Our cultural event on 17 March 2016 was a presentation by Sara d’Alessandro: Perspective – From Brunelleschi to Michelangelo: a system for reading the world.

With a degree in the history of art from La Sapienza University of Rome and a Master’s from Turin, followed by three years working in the curatorial department of Turin’s Civic Gallery of Modern Art, Sara was very well qualified to enlighten us on this subject.

According to the treatise De Pictura, written in 1435 by Leon Battista Alberti, the technique of “one vanishing point” perspective was invented in 1416 in Florence by painter, sculptor and architect Filippo Brunelleschi. Brunelleschi, Alberti and the younger Florentine painter Masaccio, Sara told us, were “the perspective trio”.

Perspective was a central feature of Italian Renaissance painting. Traditionally, the invention of this technique is regarded as a step forward in the realistic representation of three-dimensional space on a two-dimensional surface. In her presentation, Sara explained that this is only partly true and that developments in the use of perspective also reflect an evolution in philosophical ideas.

Her talk was illustrated with a wide range of art works, from the ancient Greeks and Romans up to Titian, but her main focus was on the Italian Renaissance. Sara showed us how the depiction of space in art reflected the prevailing world view.

For example, ancient Roman frescoes in Pompeii include realistic, three-dimensional, human figures, but make no attempt to depict the background space realistically, since it was of little interest. By contrast, in the Middle Ages, the predominant idea was of an entire world created by God. So in sixth century mosaics, human figures are seen within detailed depictions of nature, as part of a divinely-created whole.

Sara D'Alessandro is presented with a bottle of wine by vice-presidents Yvette Devlin and Tamsin Hong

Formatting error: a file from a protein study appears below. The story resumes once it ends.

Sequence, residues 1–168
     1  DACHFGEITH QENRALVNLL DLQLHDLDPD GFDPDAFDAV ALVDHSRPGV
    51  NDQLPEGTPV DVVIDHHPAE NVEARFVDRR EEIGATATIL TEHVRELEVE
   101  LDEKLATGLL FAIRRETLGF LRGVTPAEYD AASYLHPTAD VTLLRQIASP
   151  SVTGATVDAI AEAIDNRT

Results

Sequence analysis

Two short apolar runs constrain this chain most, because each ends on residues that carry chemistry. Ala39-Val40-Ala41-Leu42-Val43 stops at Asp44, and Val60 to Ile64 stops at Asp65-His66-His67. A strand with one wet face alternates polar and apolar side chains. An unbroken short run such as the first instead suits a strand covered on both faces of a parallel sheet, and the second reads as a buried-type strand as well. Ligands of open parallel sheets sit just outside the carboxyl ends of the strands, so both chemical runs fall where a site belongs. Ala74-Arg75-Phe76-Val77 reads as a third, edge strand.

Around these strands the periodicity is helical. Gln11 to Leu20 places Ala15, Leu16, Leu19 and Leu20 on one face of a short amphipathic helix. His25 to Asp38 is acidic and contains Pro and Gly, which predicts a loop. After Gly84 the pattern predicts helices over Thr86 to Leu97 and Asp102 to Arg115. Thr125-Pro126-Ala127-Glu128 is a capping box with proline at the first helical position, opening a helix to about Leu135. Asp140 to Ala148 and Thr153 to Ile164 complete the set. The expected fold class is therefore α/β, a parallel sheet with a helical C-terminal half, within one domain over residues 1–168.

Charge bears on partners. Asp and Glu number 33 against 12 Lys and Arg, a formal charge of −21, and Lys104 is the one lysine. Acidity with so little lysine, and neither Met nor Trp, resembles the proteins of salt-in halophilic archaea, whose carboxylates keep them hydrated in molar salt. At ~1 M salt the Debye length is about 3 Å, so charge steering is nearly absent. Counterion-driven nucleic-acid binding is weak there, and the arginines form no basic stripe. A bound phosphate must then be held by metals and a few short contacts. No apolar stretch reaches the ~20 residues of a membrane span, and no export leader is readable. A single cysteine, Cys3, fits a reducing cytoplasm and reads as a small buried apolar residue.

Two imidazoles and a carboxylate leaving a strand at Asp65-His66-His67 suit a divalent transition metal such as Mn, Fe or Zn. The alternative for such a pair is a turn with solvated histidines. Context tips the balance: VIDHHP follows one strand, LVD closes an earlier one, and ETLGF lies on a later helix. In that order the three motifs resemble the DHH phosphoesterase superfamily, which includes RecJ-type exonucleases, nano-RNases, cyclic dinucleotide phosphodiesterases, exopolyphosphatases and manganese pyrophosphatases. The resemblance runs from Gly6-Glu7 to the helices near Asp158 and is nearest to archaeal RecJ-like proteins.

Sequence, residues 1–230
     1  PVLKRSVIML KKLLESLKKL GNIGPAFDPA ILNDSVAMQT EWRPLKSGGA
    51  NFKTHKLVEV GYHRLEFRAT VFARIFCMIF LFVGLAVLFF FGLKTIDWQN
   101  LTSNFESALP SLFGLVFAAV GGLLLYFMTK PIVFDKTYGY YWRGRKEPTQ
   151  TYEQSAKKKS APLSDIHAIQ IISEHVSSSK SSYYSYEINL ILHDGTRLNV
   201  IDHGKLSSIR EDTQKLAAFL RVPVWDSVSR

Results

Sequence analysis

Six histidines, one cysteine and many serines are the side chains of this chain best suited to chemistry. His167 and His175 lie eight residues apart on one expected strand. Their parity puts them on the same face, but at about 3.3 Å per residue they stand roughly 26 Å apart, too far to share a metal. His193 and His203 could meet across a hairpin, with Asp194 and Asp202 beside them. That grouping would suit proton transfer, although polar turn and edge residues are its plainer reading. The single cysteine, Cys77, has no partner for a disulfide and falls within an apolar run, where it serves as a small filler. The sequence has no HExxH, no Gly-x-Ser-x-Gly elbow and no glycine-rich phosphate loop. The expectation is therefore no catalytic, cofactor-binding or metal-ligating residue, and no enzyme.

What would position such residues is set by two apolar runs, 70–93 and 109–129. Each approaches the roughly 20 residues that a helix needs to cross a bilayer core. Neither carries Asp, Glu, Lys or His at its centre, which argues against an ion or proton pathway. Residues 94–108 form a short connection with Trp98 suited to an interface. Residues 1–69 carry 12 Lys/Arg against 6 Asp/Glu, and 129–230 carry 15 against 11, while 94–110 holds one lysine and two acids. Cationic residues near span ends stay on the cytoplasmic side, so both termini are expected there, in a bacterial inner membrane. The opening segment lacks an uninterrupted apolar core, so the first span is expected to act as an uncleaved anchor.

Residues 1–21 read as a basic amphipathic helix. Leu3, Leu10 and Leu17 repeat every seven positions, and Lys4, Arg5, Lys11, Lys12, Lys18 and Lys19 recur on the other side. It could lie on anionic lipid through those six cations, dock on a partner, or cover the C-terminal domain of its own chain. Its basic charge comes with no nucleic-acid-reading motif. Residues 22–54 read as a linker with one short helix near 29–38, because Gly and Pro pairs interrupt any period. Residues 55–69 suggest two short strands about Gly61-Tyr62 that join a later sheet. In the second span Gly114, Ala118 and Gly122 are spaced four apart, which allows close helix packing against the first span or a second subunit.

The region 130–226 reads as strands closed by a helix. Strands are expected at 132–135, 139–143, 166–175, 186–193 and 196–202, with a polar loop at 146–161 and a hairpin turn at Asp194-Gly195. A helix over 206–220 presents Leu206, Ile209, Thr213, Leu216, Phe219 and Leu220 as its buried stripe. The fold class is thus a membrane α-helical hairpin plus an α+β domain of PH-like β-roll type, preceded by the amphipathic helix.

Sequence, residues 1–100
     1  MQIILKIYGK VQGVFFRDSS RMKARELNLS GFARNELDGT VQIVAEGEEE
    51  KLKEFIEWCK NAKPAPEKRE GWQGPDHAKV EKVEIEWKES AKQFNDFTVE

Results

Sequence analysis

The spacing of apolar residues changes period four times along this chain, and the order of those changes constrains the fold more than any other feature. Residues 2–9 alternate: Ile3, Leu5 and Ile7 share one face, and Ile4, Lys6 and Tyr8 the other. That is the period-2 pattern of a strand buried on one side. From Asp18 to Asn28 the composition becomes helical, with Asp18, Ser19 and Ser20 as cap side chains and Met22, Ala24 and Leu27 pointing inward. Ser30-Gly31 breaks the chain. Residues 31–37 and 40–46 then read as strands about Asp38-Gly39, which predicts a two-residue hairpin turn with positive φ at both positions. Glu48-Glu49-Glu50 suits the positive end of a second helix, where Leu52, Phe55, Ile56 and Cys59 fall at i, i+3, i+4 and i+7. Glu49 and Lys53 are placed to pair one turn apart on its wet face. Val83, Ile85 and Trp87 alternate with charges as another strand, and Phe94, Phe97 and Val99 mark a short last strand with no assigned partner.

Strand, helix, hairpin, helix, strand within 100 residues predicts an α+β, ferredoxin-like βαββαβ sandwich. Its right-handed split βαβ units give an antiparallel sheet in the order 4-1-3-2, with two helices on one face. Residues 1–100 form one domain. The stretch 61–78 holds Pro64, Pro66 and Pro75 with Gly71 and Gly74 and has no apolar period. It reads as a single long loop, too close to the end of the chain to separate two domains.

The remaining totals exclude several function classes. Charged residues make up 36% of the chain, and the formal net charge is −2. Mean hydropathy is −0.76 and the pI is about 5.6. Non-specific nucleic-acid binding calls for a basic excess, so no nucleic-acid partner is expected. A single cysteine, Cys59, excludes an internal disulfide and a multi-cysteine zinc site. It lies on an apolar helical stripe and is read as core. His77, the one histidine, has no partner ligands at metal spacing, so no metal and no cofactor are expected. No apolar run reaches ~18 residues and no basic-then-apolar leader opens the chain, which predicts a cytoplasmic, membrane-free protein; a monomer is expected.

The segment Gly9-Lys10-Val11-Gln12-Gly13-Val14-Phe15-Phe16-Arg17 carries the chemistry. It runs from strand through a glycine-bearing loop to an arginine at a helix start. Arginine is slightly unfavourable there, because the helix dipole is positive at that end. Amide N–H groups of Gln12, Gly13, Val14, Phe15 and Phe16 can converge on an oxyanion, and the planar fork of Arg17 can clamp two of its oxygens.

Sara D’Alessandro is presented with a bottle of wine by vice-presidents Yvette Devlin and Tamsin Hong

In medieval art, the size of a figure was determined by its religious or social importance, not by the way it is seen by the human eye in space. Renaissance artists instead used composition, including perspective to guide the viewer’s eye to the most important element.

The use of perspective became extremely popular. It did not necessarily lead to greater realism. Alberti, who set out the mathematics of perspective in De Pictura, wrote that it is a way to represent an ideal world of harmony and proportion.

This is reflected in 15th century paintings of “the ideal city”, depicting a “perfect” space, and in paintings where events occur within a metaphysical world, rather than the real one.

Later, da Vinci, as a scientist, questioned the single perspective idea and his approach was more perceptual and realistic, rather than mathematical. For their part, Michelangelo and Raphael placed figures in a more dramatic, theatrical space, but Michelangelo was interested in the human body, not in its placement in space.

Titian, who was not from Florence, was completely different. He used perspective, but not to show an ideal world. He shows a more realistic world and uses colour, not just line.

Susan Reye